A helping hound
I’ve been struggling with mental illness for years, some of which I used my psychiatric assistance dog, Delilah, to assist me with. Devastatingly, Delilah was diagnosed with health issues that meant it was unreasonable for her to continue her career as my assistance dog. I had heard about the great pets that greyhounds made and was considering one for a future pet when I started seriously considering one as a future assistance dog. Many people at this time were a bit unsure of my decision of a Greyhound and encouraged me to look at more traditional options such a Labrador or Golden Retriever, particularly as Delilah is a Golden Retriever x Labrador. However, after seeing the success of other greyhounds as assistance dogs within Australia (and doing a lot of research!) I felt comfortable a greyhound would be the right fit for my needs. I worked closely with Greyhound Rescue who matched me with the appropriate greyhound and Avery came into my life.
Avery learnt quickly and adapted to life as a pet. We then eased into training slowly and worked hard together, learning the basics of being an assistance dog. We undergo our training with the support of mindDog, an organisation that assists people with a psychiatric condition to train and accredit their own dog as an assistance dog. A lot of people ask what Avery does as my assistance dog, particularly as mental illness is an invisible illness and it’s often hard for people to imagine how an assistance dog helps with it. Avery’s training means his job is subtle and I may ask him to do something using hand signals in order to not draw attention to myself. Some helpful things Avery does for me is that he positions himself in front of me (called “blocking” in the assistance dog world) to stop people from getting too close to me and triggering a panic attack or may face behind me while I retrieve cash from the ATM to “cover” me. I would say Avery’s favourite job is leaning into my leg to “ground” me, essentially providing pressure to help reduce the symptoms of panic and lessen the effects of dissociation. Avery’s training will always be ongoing, even an experienced assistance dog will always be learning new skills and refining the ones he already knows.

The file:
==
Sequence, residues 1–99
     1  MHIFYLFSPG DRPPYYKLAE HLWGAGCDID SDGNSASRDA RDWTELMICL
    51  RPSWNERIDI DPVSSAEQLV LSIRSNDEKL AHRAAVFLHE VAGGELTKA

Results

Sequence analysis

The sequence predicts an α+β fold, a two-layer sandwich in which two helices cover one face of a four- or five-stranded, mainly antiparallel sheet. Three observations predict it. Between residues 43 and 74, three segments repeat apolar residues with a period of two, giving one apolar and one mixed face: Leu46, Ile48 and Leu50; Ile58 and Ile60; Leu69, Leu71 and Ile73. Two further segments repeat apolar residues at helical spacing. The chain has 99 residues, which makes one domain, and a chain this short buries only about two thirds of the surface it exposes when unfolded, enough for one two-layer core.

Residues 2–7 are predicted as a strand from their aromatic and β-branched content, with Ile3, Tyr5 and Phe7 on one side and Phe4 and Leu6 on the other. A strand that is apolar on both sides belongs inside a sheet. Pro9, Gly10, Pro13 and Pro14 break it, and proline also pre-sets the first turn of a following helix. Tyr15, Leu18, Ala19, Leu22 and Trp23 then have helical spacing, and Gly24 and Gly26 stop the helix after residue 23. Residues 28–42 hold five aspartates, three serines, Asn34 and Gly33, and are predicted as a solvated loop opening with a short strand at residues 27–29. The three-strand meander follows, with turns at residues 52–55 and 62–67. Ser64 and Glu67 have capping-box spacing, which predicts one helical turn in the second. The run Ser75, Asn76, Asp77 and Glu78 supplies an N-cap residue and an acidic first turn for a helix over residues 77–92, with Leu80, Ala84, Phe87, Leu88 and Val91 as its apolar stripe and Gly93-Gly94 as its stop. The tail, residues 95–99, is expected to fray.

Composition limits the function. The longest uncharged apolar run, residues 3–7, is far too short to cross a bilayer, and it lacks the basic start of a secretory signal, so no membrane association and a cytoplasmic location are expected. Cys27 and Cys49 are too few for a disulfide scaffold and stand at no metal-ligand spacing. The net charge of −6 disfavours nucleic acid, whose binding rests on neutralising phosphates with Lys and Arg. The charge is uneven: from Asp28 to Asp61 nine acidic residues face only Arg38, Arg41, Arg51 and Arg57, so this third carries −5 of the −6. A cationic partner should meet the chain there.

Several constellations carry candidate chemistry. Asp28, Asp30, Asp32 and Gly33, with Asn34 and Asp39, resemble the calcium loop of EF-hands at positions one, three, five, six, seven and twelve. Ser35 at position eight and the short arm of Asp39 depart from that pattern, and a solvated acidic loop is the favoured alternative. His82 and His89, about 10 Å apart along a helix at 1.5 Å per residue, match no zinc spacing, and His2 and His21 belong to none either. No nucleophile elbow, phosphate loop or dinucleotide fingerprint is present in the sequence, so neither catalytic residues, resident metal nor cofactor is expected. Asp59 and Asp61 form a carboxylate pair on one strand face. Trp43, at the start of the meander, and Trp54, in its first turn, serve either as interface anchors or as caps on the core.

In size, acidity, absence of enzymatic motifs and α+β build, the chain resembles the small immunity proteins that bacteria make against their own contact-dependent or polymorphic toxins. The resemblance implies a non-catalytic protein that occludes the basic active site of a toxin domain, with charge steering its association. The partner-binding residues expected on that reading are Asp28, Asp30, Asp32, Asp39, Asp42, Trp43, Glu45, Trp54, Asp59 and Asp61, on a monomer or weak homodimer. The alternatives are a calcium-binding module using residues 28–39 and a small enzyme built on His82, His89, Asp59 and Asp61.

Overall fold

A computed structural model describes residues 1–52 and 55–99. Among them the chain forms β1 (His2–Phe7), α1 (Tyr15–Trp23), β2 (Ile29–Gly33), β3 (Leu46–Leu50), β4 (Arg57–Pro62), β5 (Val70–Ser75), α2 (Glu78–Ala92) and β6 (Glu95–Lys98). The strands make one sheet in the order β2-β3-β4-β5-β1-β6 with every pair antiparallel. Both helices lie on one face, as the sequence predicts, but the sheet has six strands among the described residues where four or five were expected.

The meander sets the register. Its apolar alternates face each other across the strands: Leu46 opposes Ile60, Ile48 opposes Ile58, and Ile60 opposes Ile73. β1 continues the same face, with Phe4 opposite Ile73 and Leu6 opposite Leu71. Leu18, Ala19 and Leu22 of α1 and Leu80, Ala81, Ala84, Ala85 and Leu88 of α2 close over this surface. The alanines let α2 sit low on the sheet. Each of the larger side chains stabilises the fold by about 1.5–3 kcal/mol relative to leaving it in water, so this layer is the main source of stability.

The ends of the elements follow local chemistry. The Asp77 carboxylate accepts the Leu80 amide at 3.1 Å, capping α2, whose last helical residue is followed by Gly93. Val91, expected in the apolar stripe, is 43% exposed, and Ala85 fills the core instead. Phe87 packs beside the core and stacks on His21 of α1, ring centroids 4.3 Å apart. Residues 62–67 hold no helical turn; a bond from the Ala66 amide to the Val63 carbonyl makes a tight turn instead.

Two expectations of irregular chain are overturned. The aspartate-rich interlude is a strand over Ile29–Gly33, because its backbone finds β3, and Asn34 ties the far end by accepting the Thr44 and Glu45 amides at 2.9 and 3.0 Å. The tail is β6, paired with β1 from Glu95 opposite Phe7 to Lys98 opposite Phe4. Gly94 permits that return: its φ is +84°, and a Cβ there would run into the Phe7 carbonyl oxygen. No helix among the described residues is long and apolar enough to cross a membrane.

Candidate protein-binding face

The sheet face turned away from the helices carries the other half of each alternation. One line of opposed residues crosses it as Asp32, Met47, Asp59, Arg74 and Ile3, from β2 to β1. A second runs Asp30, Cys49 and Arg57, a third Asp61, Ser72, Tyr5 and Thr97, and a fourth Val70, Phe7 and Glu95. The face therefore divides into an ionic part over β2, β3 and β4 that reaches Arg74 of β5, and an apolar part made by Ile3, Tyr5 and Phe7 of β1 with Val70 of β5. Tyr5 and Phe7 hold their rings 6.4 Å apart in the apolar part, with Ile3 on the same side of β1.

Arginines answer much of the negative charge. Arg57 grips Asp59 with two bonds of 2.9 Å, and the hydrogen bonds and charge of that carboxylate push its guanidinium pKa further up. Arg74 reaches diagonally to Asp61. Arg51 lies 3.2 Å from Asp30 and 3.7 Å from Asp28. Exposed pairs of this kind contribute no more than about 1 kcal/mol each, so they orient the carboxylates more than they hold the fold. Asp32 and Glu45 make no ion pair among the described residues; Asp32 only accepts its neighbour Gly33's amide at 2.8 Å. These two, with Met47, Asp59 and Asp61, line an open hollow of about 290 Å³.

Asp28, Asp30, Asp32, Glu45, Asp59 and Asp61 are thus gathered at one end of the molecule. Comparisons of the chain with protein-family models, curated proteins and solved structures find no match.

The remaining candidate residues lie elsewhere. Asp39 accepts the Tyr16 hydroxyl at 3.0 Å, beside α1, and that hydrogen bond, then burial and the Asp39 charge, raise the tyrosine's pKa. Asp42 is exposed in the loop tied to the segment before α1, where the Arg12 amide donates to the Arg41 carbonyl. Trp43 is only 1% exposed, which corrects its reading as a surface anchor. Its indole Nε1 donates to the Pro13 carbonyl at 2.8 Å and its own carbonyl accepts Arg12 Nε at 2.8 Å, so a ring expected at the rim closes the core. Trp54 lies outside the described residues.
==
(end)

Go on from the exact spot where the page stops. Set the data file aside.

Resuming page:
Avery has been very successful with his training as an assistance dog and enjoys “going to work” with his tail wagging madly as soon as his assistance dog vest comes out! Together Avery and I volunteer for mindDog Australia, attending fundraising events and doing education on assistance dogs. We also spend time at local markets selling recycled products to raise money and awareness for mindDog. I am so thankful every day for the role Avery plays in keeping me healthy and helping me engage with the community.
- Emily Smith
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